‘Death has separated me from my beloved son’ – Adelaide Heward-Mills’ tribute to her late son

The death of the eldest child of the Heward-Mills’ came as a huge surprise to many across the world but even more concerning was how his immediate family would be faring, following the news.

In his first public comment on the passing of his son, the Founder and General Overseer of the United Denomination Originating from the Lighthouse Group of Churches (UD-OLGC), Bishop Dag Heward-Mills, said, “death makes nonsense of everything.”

He was preaching on a sermon titled, “The grave is not the end,” two days after the news of his son’s passing broke.

A few days after, his wife and the First Lady of the UD-OLGC, Episcopal Sister Adelaide Heward-Mills, shared a long scripture from 1 Corinthians 1:8-11, which speaks about the need for Christians to look beyond relying on themselves, to depending solely on God because He is able to raise the dead back to life.

While the late Dr. David Nathaniel Heward-Mills will be buried in Houston, Texas, on Saturday, May 7, 2022, there was a Celebration of Life service held in his honour on Tuesday, May 3, 2022, at the Mampong campus of the Anagkazo Bible and Ministry Training Center (ABMTC).

At the service, the mother of the late US-based psychiatrist, ES Adelaide Heward-Mills, described her son as someone who sought answers to aspects of his faith walk but still held on to Jesus.

She also described his death as a painful loss, adding that “death has separated me from my beloved son.”

Here is a full transcript of her tribute to her son, as captured in the brochure prepared for the Celebration of Life service at the Anagkazo campus at Mampong:

I now have a more profound understanding of what happened in the garden of Eden between God and Adam and Eve. God had said that they would die if they ate the fruit, that death brought separation.

I have never understood it like I do now. Death has separated me from my beloved son. I yearn to hear your voice but I can’t. I look to calling you but I can’t. I look to calling you, to ask you about your day, your work, your life, your friends and relationships, your walk with God, your battles, your triumphs, your hopes and aspirations but alas it’s impossible. In the words of John Keats the famous English poet, “my heart aches, and a drowsy numbness pains my sense, as though of hemlock had drank…”

David, you are my first born, a replica of my strength and dignity as the Bible says. Exodus 13:2 “Consecrate to me all the firstborn. Whatever is the first to open the womb among the people of Israel, both of man and of beast, is mine.” You are special, set aside by God. I remember you in the maternity ward in the Geneva hospital in Switzerland, you brought so much joy to all of us. You were and remained a jolly chap, in spite of your unseen sensitivities. You were motivated, you had a vision for this life, you fought on with dogged determination in the pursuit of your professional life. You soldiered on without our promptings.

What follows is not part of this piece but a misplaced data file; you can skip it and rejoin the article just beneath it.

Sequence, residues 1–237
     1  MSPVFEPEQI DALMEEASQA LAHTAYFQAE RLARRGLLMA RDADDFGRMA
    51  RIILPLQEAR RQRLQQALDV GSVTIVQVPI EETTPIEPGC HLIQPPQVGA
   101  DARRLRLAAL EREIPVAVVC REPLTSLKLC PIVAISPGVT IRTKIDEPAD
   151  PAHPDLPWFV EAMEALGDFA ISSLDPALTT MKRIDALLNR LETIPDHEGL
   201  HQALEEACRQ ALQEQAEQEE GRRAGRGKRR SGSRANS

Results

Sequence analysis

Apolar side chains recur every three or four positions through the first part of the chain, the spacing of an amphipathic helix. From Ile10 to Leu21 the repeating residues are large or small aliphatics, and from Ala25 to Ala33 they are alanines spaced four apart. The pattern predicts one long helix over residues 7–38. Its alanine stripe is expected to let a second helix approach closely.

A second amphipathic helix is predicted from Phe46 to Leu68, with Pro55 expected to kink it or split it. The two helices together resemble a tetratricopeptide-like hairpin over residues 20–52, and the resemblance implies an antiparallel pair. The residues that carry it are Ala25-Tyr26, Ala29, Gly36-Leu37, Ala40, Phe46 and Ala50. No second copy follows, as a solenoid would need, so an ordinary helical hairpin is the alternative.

You were self-motivated and self-driven, these were stellar qualities, which in my opinion, you were endowed with by God. Great and good things lay ahead of you. I’m numbed with pain at your passing as I pen these words. You had a humongous sense of humour and you were a great tease to all and sundry. Whenever I had a concern, you would dutifully look after me and care for me with all your heart. Many would testify to your kindness, your sacrificial love and your immense devotion to the cause of the needy.

To our home, you were sunshine, you made us laugh so hard on numerous occasions. You tried to always unite your siblings, and preach peace and love to them. You were not one to put any member of the family down, even if rubbed the wrong way. You are my diamond in the rough. You may have had your imperfections, peccadilloes, frailties and foibles but you were a lovable child. I shall always be grateful to God for giving me a priceless son like you. You demonstrated to daddy and I, how the use of technology could make our lives and work easier. And we humbly obliged.

I remember we had our moments when I would tell you off and you wouldn’t be happy. Especially since you’ve been away, you would write me a whole ‘thesis.’ Sometimes, you would try to sweet talk me and it would be met with a wall of resistance to your apparent anger or charm, whichever it was.

Read the rest of it in the attached photo:

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